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Tuesday, September 20, 2011

Are You Prepared?

Disasters can happen anytime, anywhere. We're seeing devastating catastrophes all over the world.  September is National Emergency Preparedness Month.  Now is the time to gather some emergency supplies and create 72 hour kits for each family member and each car.  After serious disasters, you may be on your own until help arrives.  In case of evacuation, you'll need food, clothing, camping equipment, cash, medicine and personal identification.  Supplies can simply be kept in a backpack near your garage door or closet for quick access.

FEMA Administrator Craig Fugate said “Iencourage everyone to take a few minutes and discuss what you would do in caseof an emergency or disaster. The public is the most important member of ournation’s emergency response team and the more the public does to be prepared,the more successful this team will be.”

We can livefor three weeks without food, but only three days without water.  Finding clean drinking water, therefore,becomes a top priority during a disaster.  Because city water may become contaminatedduring a disaster or completely cut off, you need to have a back-up plan.  Experts recommend storing at least threegallons of water per person per day for fourteen days.  Water can be stored in glass or durableplastic, refreshing the contents every year. Never store water in metal, vinylplastic or in containers previously used for chemicals or hazardous material.

You’ll alsowant to store water treatment supplies, such as unscented bleach, tools forboiling water, and a water filter. Before drinking uncertain source water,you’ll need to disinfect and filter it. History reveals that more people die AFTER a disaster from water-bornediseases than died because of the initial disaster.  The deathly spread of cholera in Haiti after their devastating earthquake is a perfect example of that.  Even a “Boil Water Alert” from your localcity after a simple water main break can feel like a disaster if you’reunprepared.

Thefollowing are some steps to treating water to make it more safe for drinking.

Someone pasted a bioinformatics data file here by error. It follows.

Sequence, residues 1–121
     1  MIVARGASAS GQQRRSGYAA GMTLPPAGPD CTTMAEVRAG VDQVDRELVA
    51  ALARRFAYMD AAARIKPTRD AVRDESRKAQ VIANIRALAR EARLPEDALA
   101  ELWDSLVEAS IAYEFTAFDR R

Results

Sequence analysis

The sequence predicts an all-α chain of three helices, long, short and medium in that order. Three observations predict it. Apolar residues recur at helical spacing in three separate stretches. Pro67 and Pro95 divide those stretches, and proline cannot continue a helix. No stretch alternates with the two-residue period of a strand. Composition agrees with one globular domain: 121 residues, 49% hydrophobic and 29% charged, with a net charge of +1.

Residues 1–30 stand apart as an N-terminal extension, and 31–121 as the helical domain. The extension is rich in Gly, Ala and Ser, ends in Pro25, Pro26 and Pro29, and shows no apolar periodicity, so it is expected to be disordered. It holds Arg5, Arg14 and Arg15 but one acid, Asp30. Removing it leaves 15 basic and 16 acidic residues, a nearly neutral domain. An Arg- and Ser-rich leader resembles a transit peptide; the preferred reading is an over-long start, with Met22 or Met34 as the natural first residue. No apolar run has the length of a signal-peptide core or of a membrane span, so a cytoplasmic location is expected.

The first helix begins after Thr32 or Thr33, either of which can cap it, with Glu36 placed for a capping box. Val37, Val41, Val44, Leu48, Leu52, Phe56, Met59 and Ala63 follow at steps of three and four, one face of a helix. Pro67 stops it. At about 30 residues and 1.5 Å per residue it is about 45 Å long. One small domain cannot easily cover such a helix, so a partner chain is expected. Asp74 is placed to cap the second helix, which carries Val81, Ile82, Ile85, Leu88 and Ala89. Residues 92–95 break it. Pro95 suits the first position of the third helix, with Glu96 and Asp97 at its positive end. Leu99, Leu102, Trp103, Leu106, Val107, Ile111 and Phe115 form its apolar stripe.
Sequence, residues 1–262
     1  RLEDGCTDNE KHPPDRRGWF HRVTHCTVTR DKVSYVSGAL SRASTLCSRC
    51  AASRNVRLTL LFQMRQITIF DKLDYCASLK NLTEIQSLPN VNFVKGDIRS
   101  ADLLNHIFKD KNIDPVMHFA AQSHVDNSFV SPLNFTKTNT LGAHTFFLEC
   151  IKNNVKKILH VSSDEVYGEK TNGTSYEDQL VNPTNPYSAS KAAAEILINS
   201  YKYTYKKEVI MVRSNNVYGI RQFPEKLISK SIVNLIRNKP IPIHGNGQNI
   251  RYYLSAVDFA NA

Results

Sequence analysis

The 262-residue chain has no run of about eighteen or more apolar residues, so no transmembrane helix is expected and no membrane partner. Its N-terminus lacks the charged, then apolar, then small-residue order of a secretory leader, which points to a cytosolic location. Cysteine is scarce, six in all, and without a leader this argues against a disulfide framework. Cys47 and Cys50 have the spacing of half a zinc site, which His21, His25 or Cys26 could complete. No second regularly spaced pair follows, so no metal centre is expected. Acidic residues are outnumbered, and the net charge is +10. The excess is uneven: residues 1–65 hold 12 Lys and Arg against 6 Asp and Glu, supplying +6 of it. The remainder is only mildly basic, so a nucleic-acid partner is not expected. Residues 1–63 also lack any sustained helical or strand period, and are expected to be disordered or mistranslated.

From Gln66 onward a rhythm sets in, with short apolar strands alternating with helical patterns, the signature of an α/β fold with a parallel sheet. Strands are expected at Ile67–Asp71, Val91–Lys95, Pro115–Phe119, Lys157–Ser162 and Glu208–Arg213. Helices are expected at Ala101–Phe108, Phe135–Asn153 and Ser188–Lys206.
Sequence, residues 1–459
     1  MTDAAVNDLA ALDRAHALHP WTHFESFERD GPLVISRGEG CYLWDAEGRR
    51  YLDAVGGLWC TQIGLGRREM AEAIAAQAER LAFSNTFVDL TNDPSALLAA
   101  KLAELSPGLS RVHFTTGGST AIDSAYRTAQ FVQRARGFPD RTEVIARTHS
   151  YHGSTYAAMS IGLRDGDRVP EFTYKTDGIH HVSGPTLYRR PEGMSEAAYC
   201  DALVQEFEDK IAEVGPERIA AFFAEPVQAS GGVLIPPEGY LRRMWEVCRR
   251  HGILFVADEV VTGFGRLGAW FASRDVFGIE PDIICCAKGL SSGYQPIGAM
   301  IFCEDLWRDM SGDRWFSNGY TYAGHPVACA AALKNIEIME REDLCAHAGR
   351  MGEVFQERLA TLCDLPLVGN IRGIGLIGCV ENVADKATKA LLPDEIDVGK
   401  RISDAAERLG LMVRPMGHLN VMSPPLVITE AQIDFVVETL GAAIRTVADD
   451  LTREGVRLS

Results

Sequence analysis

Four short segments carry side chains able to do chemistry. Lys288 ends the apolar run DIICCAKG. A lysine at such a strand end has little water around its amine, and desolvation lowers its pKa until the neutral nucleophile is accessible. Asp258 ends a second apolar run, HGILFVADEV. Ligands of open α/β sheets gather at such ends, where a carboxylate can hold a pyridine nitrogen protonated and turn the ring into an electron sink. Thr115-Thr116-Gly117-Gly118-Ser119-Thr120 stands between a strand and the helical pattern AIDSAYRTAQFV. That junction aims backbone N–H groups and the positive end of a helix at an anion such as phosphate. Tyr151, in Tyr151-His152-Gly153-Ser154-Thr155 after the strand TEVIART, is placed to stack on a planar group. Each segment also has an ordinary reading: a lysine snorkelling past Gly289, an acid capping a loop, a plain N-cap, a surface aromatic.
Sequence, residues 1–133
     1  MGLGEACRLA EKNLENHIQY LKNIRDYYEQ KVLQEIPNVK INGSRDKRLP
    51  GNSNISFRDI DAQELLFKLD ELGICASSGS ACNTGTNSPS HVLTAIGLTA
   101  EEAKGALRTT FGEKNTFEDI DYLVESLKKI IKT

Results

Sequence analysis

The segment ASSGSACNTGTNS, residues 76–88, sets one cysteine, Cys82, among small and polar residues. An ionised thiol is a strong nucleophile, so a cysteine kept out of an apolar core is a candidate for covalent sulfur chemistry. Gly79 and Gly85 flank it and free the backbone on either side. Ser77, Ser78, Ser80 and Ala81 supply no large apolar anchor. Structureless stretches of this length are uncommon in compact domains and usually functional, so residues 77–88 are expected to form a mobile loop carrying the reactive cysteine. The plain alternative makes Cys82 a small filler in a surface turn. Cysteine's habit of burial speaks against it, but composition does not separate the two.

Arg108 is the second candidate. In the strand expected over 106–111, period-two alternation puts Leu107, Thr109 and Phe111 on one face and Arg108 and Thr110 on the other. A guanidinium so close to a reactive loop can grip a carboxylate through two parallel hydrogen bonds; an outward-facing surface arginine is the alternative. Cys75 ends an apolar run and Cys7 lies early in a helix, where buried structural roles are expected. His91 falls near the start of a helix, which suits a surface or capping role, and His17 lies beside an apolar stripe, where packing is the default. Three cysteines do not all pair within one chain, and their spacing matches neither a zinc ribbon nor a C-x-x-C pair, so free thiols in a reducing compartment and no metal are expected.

1.     Clarify: Remove debris.  If there are a lot of leaves, dirt or otherparticulate matter in the water source, run the water through a coffee filter, cheesecloth, or piece of fabric.

2.     Disinfect: Harmful bacteria canbe killed by boiling or by chemical disinfection, but both treatments may stillleave harmful contaminants, so filtering is required as the final step.  Bring water to a boil for five minutes (addone minute for every 1000 feet above sea level).  Another way to kill bacteria is to addhousehold bleach to the source water, about 1/8 teaspoon (10 drops) per gallon.Never use scented bleach, and double the amount if your bleach is older than ayear.  Allow the bleached water to standfor an hour or more before filtering it. Follow the manufacturer’s guidelines if using Chlorine tablets instead.Iodine tablets are not recommended anymore.

3.     Filter: Once your water hasbeen clarified and disinfected, you’ll need to filter it to remove harmfulhealth contaminants, as well as to remove the chlorine taste.  Purchase a good NSF certified solid-activatedcarbon filter.  The filter could be youreveryday filter or a portable one you could take with you during anevacuation.  

Beingprepared brings peace of mind for you and your loved ones.  Spend some time with your family talkingabout how to be better prepared for various emergency scenarios, as well aspracticing the actions you’ll take. Print out the instructions above and keep them with your water treatmentsupplies.  For moreinformation, visit